Despite its semi-professional ambitions the G11 is not a fast shooter. Power up is quite quick but nothing else is speedy. It takes over 1.5 seconds for the camera to display an image after capture and continuous shooting is a mere 0.8 frames per second.
Autofocus in low light was none too bright
Autofocus, which is usually one of Canon’s strengths, did not always perform well in tests, especially in low light. It is not particularly fast and too often either missed the main subject or took so long to find the focus plane that I missed my shot entirely. On paper the G11 should be able to focus in very dim light without the AF-assist lamp on but this wasn’t the case during tests. On the plus side, the G11 has two focusing aids that can be quite useful if you get used to them.
There’s the Flexizone AF, consisting of a focusing square that appears in the frame and that you can move around with the control dial to set the focus point on any area of the scene. The AF-point zoom alternative magnifies a portion of the scene within the focal point and overlays it to the normal image to check focus on relevant elements, like the eyes in a portrait for example.
While there is an issue with the pixel count reduction, it does not necessarily represent a giant step back. The biggest criticism the G10 received when launched was poor noise performance. So Canon had to make improvements in its next release.
The options were either, maintain the same resolution and increase the size of the sensor, as Micro Four Thirds cameras did, or decrease the resolution and maintain the same size sensor. The advantage of the latter is that Canon could keep the excellent small zoom lens of the G10, while preserving the same magnification ratio of a bigger lens.
The optical viewfinder is good to have, but lacks attention to detail
Canon decided to create a less dense (lower pixels count) sensor but boost its light gathering by increasing the size of the pixels. The result, in my view, is a much improved handling of noise and colour aberrations compared to the previous model and a very good overall image quality.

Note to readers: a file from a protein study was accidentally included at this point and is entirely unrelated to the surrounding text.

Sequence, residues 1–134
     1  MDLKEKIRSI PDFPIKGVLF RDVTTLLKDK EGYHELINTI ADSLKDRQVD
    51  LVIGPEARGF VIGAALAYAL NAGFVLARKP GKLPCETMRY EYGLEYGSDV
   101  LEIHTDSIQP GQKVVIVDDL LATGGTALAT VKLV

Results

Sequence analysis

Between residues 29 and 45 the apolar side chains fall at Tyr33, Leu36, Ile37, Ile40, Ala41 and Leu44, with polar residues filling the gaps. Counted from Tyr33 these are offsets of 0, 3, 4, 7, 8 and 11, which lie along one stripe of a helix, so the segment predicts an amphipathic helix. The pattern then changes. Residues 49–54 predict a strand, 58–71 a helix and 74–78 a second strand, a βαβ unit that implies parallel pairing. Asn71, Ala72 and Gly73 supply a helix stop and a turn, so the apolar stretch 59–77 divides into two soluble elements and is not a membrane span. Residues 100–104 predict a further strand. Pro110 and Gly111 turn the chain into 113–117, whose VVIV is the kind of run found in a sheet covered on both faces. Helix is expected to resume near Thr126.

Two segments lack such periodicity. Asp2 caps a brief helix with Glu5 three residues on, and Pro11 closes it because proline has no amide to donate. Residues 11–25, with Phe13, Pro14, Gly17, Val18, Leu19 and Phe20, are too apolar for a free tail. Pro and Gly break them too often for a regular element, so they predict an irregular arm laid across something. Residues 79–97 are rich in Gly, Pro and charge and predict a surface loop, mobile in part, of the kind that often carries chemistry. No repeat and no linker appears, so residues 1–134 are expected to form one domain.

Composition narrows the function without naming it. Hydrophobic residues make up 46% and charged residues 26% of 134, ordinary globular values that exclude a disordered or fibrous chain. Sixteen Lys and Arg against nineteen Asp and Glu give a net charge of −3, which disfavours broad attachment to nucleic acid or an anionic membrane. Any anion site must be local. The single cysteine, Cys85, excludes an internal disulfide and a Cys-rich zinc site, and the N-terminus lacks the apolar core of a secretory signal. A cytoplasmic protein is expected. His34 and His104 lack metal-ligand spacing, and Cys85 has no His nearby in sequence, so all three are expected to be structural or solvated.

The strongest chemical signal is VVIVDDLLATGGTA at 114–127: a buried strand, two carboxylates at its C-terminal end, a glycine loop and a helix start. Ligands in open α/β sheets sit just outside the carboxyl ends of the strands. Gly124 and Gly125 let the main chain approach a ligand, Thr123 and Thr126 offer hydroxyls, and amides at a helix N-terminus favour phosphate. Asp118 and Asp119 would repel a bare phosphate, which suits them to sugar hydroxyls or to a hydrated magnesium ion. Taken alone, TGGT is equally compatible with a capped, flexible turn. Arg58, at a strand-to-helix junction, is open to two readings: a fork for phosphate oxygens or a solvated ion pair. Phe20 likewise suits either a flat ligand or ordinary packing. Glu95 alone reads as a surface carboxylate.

It would be great to be able to shoot RAW remotely. Now you can.
CHDK is a firmware mod for cameras.
One of the things it provides for the Canon G7 is RAW shooting.
I hope you find this useful.
It may be repairable for nothing apart from a couple of quid postage. Our A85 had a sensor fault, and Canon repaired it free despite being 4 or 5 years out of warranty. There's a known issue, and if confirmed, they'll repair or replace.
Much cheaper in the USA? Not really, at least not this time.
Once you take British VAT into acount the kit is only about 24 quid cheaper across the pond. Though it is certainly the case that the AV manufacturers do take the piss when they can. If you compare the price of Sammy's 55 inch LED TV in Blighty and in the States (one has to compare specs to work out which models can be compared, they are very carefull to make it as difficult and confusing as poss.) one sees that the equivalent model is about 40% cheaper! However on this occasion it does not seem as if Canon is taking the piss by very much.
Back down to earth my old Canon Powershot A80 had a swivel screen, Loved it so good to see this G11 has one too, hope Canon and the others bring them back :)
The A80 sensor don't work properly but cant bring myself to chuck it lol
How can they justify the price? It's around the same price as many entry level DSLRs. And a DSLR comes with a number of advantages over a compact like that. The much larger sensor on such a camera will give less noise, more control over depth of field and the larger photosites should give a better dynamic range. Of course a DSLR has a wide choice of lenses where the G11 is stuck with it's fixed and rather slow lens.
Yes it's a nice camera, but it's list price is at least twice what it should be.